Ukrainian families settle into Sun Peaks

Another family unable to come due to application requirements
The Osipov family. Photo provided.

Two Ukrainian families who moved to the village in the spring are settling into the community and expressing appreciation for the welcome they’ve received.

Mayor Al Raine and community member Jim Alix led the way to coordinate support for these families through Sun Peaks Community Helps. The organization was initially created to provide pandemic support, but has since been put towards helping Ukrainians find refuge.

Raine said there has also been overwhelming community support — a testament the families seconded.

The Osipov family was the first to arrive, consisting of Alex, Nataliia and daughters Christina and Sandra.

“We are very good. We like it here,” Alex said. With previous casino experience, Alex has been primarily working at a casino in Kamloops. He has also been doing car detailing as a side job for Sun Peaks community members out of the Cahilty Lodge garage.

Anyone who is interested in getting their car cleaned can call Alex at (778) 694-5394. 

The Barbakadze family. Photo provided.

Next to arrive was the Barbakadze family, made up of Liza, Davit and son Luka. Davit has been working for A&T Project Developments on a construction site on the mountain.

Liza said her family is very happy to be here. “Sun Peaks’ community has really made us feel at home,” she said.

Raine said the community has supported in a number of ways, from donating accommodation to smaller gestures like food baskets. 

There were even enough resources gathered for a third family to move to the community, but it now seems they will be unable to come because of the difficult application process.

Members of the third Ukrainian family are cousins of local resident Caroline Thompson. She explained the mother has been staying in Poland with her two children, while her husband and eldest son are stuck in Ukraine because they must fight in the war.

After raising over $5,000 in a fundraiser, Thompson travelled to Poland in April to do humanitarian work and assist her cousin’s family. While there, she helped her fill out the Canadian Ukraine Authorization for Emergency Travel (CUAET) application. 

“Me being born and raised Canadian, I found it to be quite difficult,” Thompson said. “There were so many different ambiguous questions. For someone with [English as a second language] or limited English, I actually don’t know how people would have filled it out themselves.”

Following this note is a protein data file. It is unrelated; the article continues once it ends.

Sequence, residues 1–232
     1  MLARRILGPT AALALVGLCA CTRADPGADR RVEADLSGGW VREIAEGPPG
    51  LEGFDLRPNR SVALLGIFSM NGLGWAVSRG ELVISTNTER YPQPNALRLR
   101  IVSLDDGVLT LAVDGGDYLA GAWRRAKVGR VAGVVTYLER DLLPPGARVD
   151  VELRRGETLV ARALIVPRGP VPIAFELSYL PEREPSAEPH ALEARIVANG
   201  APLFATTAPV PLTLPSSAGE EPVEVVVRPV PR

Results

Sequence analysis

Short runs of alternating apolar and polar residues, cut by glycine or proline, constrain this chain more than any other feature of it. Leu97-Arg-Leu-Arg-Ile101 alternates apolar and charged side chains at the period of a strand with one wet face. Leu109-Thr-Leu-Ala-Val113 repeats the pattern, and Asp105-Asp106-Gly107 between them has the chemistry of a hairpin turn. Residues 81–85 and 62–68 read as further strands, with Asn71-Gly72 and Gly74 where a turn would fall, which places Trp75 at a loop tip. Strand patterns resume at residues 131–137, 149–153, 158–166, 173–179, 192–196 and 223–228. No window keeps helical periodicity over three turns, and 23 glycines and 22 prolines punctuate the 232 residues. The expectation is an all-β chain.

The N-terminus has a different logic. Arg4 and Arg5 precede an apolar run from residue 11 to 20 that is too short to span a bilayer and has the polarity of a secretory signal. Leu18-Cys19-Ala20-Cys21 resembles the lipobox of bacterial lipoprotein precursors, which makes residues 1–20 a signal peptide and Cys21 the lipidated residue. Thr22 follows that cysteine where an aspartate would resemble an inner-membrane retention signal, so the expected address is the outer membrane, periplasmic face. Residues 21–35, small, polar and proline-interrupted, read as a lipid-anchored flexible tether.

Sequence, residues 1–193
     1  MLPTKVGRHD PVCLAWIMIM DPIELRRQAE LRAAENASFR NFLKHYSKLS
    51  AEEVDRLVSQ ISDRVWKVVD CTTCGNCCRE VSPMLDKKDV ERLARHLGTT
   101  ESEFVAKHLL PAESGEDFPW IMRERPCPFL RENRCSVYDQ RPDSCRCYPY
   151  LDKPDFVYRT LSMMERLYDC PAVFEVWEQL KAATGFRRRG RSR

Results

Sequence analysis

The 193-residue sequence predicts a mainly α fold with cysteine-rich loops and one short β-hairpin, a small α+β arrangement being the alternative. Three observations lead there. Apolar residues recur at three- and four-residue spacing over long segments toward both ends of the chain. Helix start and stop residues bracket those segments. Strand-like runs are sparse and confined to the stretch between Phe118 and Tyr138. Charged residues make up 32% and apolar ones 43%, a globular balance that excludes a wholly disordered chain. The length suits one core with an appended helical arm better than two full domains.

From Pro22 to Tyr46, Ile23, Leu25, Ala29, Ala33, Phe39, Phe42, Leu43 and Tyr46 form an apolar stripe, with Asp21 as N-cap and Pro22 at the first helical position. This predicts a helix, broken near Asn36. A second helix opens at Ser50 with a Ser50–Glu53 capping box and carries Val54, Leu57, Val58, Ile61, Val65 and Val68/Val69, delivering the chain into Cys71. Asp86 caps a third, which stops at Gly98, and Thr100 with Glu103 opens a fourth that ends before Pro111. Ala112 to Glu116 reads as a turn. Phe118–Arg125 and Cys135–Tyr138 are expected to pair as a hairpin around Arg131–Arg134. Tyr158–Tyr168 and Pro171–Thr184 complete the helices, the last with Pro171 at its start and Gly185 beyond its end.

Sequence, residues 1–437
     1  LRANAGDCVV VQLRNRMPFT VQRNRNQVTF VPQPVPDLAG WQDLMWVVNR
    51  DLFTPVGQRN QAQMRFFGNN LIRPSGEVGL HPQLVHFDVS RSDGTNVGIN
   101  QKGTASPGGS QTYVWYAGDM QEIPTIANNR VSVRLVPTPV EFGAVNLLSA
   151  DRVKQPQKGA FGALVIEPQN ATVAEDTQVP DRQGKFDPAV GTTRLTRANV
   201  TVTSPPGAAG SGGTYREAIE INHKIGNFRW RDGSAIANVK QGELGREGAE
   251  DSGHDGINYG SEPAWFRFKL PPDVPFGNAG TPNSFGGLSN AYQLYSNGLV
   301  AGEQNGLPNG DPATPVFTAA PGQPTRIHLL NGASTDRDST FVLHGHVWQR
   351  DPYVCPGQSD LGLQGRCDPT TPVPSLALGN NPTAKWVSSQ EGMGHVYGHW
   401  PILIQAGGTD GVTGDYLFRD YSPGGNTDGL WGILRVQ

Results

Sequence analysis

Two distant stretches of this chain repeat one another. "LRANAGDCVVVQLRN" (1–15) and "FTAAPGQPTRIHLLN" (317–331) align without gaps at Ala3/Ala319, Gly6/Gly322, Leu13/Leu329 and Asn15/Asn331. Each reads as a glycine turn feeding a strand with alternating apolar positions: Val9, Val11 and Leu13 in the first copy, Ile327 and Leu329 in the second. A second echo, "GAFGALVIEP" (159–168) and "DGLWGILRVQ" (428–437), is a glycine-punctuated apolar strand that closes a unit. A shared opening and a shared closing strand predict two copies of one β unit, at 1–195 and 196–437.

Thompson said the family submitted the application at the end of April, but there have been a number of hurdles since then.

Since Thompson’s cousin-in-law must stay in Ukraine, the CUAET application requires a signed letter from him authorizing his wife and children to travel to Canada. However, he is the chief of police for northern Ukraine currently fighting on the front lines, so he is unreachable.

“That’s where the bureaucracy of these requirements of this application started to really set in, where it was so disconnected with the reality of what these people are facing,” Thompson said. “We’re not talking about a refugee coming from political upheaval, we’re talking about full blown war.”

The family also had to travel to the other side of Poland to provide biometrics for the application. Following the appointment, the mother was supposed to send her passport back to the embassy for them to hold onto for up to two months.

Thompson said her cousin didn’t feel comfortable sending away her passport because as a refugee, that is currently the only way she has to identify herself. Due to these factors, the family is still in Poland.

“All the money, all the resources — everything is all in place. But where’s the people? How do we get the people here?” Thompson said. 

“I’m so heartwarmed by our community and how quickly people mobilized and opened their hearts. And not just their wallets, but their homes even. To see that, and then to experience this bureaucratic delay … Not only are we devastated, her kids are devastated.”

The Osipov and Barbakadze families had unique circumstances that allowed both fathers to travel with their families. Kamloops Immigrant Services told SPIN as of August 13, there have been 83 Ukrainian families that have moved to the region.

“I feel very grateful that these families have been able to utilize the resources that our government has put in place,” Thompson said.

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